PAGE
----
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Pojo's Pokémon Card of the Day


Max Potion

Emerging Powers

Date Reviewed: August 31, 2011

Ratings & Reviews Summary

Modified: 3.67
Limited: 4.75

Ratings are based on a 1 to 5 scale.
1 being the worst. 
3 ... average.  
5 is the highest rating.

Back to the main COTD Page

Combos With:

Baby Mario
2010 UK National

Max Potion

Max Potion is one of the cards that Japanese players got in the first Black and White set, while the rest of us had to wait for it. Obviously I don’t know the reason why it was held over, but I’m pretty glad it was, considering that it would have made Gyarados SF decks completely unstoppable.

Like virtually all Trainer-Items (that’s what they are called now), Max Potion has a straightforward effect: you remove all damage counters from a Pokémon, then discard all the Energy attached to that Pokémon. Clearly, this can be a great card to play – it turns potential two hit KOs into three hit KOs, potentially buying you another crucial turn with an attacker, or keeping a benched support Pokémon in the game. Because of the Energy discard cost associated with the card, Max Potion works best (and easiest) with Pokémon that require little or no Energy to attack, such as Yanmega Prime, Donphan Prime, or a Tyranitar Prime that is just being used for Spinning Tail.

There are ways to make Max Potion work with more Energy intensive Pokémon, but this is where it gets into awkward combo territory. If you have a means of moving Energy freely around the Field say with Meganium Prime’s Power or Kinklang BW’s Ability, then you can avoid the discard cost. Unfortunately neither of those Stage 2 Pokémon are very playable at the moment. You could also use Shaymin UL to shift Energy to a back up attacker after swapping the damaged Pokémon out (if you can still manage the Retreat cost or have a Switch). Alternatively you could combine Max Potion with Reuniclus and put the damage counters onto an Energy-less Pokémon. The trouble with that is that Reuniclus is unlikely to survive the use of Pokémon Catcher unless you play it with Vileplume . . . which in turn will lock you from playing Max Potion.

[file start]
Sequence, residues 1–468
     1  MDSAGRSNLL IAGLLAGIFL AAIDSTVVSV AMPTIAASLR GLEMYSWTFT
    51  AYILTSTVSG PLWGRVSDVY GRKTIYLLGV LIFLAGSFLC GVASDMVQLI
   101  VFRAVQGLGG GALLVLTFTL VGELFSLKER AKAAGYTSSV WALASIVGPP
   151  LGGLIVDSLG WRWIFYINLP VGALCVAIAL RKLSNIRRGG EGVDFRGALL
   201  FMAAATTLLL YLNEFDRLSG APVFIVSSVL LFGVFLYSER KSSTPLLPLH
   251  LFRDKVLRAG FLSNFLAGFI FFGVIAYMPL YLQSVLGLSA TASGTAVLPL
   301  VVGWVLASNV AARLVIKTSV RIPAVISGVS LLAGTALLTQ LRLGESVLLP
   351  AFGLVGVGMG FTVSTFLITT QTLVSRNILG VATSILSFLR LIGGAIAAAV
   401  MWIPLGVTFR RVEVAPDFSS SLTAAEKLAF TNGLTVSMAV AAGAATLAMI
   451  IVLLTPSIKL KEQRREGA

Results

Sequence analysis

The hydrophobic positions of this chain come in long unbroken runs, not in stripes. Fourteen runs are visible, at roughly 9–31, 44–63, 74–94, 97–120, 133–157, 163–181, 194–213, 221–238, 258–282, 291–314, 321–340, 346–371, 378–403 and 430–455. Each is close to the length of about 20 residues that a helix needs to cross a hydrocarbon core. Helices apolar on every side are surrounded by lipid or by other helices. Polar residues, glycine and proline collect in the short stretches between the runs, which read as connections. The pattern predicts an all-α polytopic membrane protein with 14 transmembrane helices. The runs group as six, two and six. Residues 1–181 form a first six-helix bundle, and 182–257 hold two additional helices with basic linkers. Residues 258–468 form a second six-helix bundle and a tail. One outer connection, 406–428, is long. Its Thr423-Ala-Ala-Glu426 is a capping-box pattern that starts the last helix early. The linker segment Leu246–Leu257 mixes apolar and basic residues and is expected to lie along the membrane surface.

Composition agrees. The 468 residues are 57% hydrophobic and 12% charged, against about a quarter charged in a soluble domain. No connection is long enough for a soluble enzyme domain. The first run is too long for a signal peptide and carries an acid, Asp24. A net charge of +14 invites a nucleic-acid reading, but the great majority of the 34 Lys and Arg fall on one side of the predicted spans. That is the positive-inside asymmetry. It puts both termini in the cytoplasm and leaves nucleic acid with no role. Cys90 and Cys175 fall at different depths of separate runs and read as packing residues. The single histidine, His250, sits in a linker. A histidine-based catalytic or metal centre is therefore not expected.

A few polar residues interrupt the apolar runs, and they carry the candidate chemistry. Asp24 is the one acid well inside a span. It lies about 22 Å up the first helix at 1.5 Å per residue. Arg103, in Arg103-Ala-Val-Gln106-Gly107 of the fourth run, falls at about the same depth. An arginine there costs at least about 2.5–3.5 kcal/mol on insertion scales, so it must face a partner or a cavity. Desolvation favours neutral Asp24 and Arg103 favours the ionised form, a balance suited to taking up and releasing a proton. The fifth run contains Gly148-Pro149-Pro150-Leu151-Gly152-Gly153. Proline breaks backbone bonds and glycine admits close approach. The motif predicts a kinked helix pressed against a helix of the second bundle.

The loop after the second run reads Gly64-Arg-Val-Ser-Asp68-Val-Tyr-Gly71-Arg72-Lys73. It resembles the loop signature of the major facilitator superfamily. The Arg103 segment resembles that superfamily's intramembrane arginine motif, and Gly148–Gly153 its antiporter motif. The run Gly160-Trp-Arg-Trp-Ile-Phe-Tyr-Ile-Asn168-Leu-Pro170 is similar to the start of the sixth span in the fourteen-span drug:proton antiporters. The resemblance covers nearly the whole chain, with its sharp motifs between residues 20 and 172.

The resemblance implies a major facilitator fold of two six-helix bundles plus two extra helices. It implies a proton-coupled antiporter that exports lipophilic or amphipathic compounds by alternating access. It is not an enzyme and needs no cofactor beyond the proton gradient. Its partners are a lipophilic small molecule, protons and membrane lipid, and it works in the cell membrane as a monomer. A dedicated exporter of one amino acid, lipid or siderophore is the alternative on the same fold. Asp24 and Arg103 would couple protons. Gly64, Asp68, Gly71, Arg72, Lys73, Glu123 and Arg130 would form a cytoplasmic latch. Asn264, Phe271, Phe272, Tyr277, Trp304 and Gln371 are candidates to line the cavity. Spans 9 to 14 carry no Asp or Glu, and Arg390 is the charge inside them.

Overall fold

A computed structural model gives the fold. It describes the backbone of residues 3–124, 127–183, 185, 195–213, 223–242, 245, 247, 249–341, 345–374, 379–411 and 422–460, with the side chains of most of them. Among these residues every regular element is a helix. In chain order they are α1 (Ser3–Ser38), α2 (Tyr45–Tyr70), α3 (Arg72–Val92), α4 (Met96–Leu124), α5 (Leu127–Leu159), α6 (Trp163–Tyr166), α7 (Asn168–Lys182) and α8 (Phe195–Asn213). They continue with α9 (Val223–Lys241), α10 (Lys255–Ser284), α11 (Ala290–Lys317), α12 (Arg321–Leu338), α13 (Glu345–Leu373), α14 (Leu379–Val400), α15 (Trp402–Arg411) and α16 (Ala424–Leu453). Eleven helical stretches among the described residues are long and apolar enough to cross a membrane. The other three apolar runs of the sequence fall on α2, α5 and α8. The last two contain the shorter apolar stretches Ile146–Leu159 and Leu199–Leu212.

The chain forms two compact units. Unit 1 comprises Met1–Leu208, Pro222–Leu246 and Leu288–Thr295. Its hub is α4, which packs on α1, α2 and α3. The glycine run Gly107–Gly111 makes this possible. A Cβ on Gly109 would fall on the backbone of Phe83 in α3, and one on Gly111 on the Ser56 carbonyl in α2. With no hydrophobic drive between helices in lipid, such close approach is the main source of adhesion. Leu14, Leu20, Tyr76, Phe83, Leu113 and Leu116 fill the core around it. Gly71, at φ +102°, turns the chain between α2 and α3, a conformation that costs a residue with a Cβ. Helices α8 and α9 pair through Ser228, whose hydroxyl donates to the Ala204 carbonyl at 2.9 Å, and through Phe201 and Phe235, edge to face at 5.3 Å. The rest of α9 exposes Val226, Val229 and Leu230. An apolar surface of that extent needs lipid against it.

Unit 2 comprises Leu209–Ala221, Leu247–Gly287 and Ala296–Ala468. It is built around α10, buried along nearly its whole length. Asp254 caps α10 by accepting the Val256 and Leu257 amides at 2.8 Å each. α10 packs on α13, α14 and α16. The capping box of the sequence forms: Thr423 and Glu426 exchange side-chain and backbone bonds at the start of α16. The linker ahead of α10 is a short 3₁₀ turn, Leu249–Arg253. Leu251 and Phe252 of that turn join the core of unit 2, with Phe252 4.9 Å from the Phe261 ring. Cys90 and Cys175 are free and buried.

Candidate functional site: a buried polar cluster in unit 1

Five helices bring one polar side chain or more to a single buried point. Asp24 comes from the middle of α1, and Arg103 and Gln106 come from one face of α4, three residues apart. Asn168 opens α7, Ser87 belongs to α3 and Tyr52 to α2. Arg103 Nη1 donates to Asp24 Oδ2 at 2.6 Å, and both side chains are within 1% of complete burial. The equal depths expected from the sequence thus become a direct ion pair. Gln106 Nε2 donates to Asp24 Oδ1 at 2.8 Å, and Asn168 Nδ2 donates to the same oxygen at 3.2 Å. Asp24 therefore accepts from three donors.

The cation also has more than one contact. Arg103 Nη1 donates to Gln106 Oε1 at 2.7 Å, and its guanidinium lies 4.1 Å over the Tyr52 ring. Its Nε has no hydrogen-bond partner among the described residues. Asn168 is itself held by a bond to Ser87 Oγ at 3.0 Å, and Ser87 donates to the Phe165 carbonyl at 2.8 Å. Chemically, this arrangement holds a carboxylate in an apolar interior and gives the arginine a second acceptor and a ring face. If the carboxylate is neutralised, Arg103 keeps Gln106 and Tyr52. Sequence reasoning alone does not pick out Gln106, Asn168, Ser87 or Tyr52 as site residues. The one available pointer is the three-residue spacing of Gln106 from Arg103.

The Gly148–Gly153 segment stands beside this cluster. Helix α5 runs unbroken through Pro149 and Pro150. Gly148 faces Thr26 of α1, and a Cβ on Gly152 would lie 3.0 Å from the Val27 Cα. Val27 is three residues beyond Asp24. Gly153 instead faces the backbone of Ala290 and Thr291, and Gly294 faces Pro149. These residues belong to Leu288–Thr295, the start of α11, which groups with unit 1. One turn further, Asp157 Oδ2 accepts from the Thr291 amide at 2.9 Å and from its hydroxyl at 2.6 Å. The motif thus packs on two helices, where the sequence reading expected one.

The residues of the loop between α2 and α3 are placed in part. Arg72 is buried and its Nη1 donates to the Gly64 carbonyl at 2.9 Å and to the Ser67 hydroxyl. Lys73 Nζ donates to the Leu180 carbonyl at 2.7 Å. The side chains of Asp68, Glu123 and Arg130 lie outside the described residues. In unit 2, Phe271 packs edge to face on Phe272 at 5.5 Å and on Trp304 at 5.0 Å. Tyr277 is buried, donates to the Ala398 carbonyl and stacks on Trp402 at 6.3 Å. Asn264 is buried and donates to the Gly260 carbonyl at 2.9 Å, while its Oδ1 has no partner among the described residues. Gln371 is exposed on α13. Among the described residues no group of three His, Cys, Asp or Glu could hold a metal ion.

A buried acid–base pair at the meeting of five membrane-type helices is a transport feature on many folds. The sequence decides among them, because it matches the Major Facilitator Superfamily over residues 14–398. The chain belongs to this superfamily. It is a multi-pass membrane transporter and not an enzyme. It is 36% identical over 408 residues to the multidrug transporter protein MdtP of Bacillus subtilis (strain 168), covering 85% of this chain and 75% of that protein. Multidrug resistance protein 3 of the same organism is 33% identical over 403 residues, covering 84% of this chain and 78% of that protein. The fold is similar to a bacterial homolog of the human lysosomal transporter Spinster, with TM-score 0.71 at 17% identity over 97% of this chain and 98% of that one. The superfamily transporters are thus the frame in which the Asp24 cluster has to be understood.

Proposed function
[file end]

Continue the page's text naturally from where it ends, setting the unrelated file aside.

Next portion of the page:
However you play it, a little bit of care is needed with the card though. There’s no point in healing your Yanmega with Max Potion if it is just going to be one-shot next turn by a Zekrom (for example). Even so, it can be a real clutch card which can be used to get ahead in the Prize race by denying your opponent that knock out they were planning for. I can definitely see a copy or two of Max Potion being teched into low Energy Stage 1 decks, and the potential is there for it to play a key role in future decks that can make use of healing and tanking strategies.


Modified: 3.5 (very useful card that is only hindered by Trainer Lock and a OHKO format)

Limited: 4.5 (OHKOs are rare here, and Trainer Lock even rarer)


Happy Wednesday, Pojo! Today we are continuing our Emerging Powers reviews by reviewing a useful new Item card from the new expansion. Today's Card of the Day is Max Potion.

Max Potion is an Item card, meaning that you can play as many as you like of them per turn, and they are blocked by the likes of Vileplume UD and Gothitelle. Max Potion, like the name implies, heals all of the damage from one of your Pokemon, with the cost of discarding all of the Energy from that Pokemon, acting as a Blissey Prime for one target. Given these two requirements, Max Potion will work well in decks that have Pokemon with high HP and Energy acceleration, as these two attributes will maximize Max Potion's effectiveness in your deck. Decks utilizing Zekrom, Reshiram, Typhlosion Prime, and Magnezone Prime will enjoy Max Potion if your opponent doesn't OHKO, as these decks can bounce back with Energy quite effectively. Max Potion works quite well in Limited too, although unfortunately the Energy acceleration isn't nearly as robust as it is in Modified.

Modified: 3.75/5 Max Potion is great at what it does, but it doesn't belong in every deck. Decks with high HP Pokemon with Energy acceleration is where Max Potion truly shines, whereas rush decks that rely on Pokemon with slightly lower HP values can't use it quite as effectively. Even still, it may be worth trying in your Modified deck to see if it works for you (or if you have the space for it).

Limited: 5/5 Item cards in general are great to have in Limited, and Max Potion can easily keep your big hitter alive long enough to prevent that KO, especially if you can retreat it first. Plus healing is always pretty good in Limited.

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